Friday, October 9, 2009

Answers from Dave King

First, thanks to Sandi for giving us a chance to get together.

To take the last question first, Jill, I'm afraid there are no rules. Omniscient narrator is not wrong, but . . .

If you're writing from the omniscient narrator, you lose the opportunity to use wonderfully subtle tools for creating characters like describing things in language that reflects your viewpoint character's state of mind. Avoiding omniscient narrator also allows your interior monologue to flow naturally, without all those awkward mechanics, like "he or she thought," italics, or shifts to the first person. It's not necessary to use first or third person -- Jane Austen created some brilliant characters in the omniscient narrator -- but it is easier.

I've sometimes seen the omniscient narrator used extremely effectively. Consider the first chapter of Harry Potter and the Sorcerer's Stone. But J. K. Rowling then moved to the third person to let all her readers fall thoroughly in love with Harry.

Debra and Jeannie, I'm not entirely sure what "deep" POV is. I've always thought of the third person POV as being an intimacy/distance continuum, running from something close to omniscient narrator at the distance end to something close to first person at the intimacy end. One of the elements that locates your point on that continuum is the language you use -- including the names your viewpoint character uses for himself or herself and for others. At the intimate end, your character might refer to her father as "Dad." A little further toward the distance end, it might be "her father." Just try not to change distance too abruptly -- by using two or more different referents in the same scene, for instance.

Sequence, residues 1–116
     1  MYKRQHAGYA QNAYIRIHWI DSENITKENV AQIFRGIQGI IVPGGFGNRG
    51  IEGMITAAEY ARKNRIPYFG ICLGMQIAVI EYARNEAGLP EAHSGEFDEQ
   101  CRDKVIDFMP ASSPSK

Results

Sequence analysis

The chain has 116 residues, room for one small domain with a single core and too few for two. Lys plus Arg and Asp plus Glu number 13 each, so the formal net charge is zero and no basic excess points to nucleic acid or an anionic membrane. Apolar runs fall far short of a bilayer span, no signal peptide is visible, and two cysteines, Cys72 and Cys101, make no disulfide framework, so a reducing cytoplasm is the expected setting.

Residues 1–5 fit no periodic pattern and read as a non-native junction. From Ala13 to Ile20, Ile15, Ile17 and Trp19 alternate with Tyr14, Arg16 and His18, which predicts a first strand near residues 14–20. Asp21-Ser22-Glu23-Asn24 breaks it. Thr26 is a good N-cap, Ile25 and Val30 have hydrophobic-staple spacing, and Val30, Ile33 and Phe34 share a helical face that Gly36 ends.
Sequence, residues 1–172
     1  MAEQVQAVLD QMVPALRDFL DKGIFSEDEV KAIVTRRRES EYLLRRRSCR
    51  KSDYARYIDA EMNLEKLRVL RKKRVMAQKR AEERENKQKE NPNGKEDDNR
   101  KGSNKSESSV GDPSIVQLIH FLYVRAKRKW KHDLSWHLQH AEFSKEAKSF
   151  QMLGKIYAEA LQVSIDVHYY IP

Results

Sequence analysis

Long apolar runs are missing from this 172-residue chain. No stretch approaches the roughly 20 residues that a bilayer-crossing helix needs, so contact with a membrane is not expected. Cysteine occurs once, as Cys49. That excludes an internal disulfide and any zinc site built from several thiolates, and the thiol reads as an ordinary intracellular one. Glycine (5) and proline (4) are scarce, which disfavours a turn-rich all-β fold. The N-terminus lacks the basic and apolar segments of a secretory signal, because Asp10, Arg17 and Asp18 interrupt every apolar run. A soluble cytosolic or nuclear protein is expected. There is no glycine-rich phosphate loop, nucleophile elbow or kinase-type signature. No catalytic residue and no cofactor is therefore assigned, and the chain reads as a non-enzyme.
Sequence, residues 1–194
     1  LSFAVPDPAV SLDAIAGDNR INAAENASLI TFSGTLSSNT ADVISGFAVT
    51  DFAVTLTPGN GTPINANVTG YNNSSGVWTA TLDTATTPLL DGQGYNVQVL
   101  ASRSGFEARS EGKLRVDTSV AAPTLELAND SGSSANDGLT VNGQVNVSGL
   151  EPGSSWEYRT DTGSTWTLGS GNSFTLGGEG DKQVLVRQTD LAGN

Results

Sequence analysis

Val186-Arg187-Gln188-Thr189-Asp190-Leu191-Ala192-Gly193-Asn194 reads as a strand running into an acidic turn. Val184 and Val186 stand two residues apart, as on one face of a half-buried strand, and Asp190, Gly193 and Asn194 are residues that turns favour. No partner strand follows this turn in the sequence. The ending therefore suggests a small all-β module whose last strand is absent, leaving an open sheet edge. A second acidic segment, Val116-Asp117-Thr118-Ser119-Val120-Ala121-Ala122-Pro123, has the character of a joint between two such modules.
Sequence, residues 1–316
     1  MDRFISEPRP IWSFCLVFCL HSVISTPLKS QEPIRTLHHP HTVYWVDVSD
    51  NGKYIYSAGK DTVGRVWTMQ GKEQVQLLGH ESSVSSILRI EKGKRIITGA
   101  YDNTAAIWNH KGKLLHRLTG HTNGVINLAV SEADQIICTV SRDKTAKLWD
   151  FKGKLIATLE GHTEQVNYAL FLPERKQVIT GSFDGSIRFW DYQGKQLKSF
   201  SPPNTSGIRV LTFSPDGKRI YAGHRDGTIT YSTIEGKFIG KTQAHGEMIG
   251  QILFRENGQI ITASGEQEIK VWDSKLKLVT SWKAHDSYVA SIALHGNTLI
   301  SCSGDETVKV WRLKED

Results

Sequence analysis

My website, http://www.davekingedits.com/, has an article that goes into more depth on POV.

Hope this helps,

Dave

***
Debra, I will answer your other question in the next post. ~Sandi

4 comments:

  1. Thanks to Dave King for the responses on POV. Now I have to look at HARRY POTTER AND THE SORCER'S STONE. I haven't read the book,only saw the movie, and now I'm interested to see the shift in POV.

    SELF-EDITING FOR FICTION WRITERS continues to be of benefit to me. It is one of those books that I go back to about every six months and re-read.

    A J
    AJHawke.blogspot.com

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  2. Wonderful, Sandi! Thks for having Dave King. I loved the blog.

    http://sunnebnkwrtr.blogspot.com

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  3. Dave,
    I've told more writers about your book than any other writer's book. I'm often a judge for a large fiction writing competition and most of the entries I read could be improved 60-80% if they's just read your book. Thank you!

    And thanks for your thoughtful answer to Jill's question. I'm processing that along with her.

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  4. Dave, thank you for addressing my question. In regard to Rowling's switch from omniscient to 3rd person POV throughout her Harry Potter series, I've noticed I switch too and was concerned it was outside the "rules." Knowing I'm "allowed" takes a HUGE burden off my shoulders.

    I think my best bet right now is to continue studying the work and rhythm of those authors who have successfully mastered omniscient POV and omniscient/3rd person POV switching, then write and see where it goes.

    Again, thanks for your expertise!

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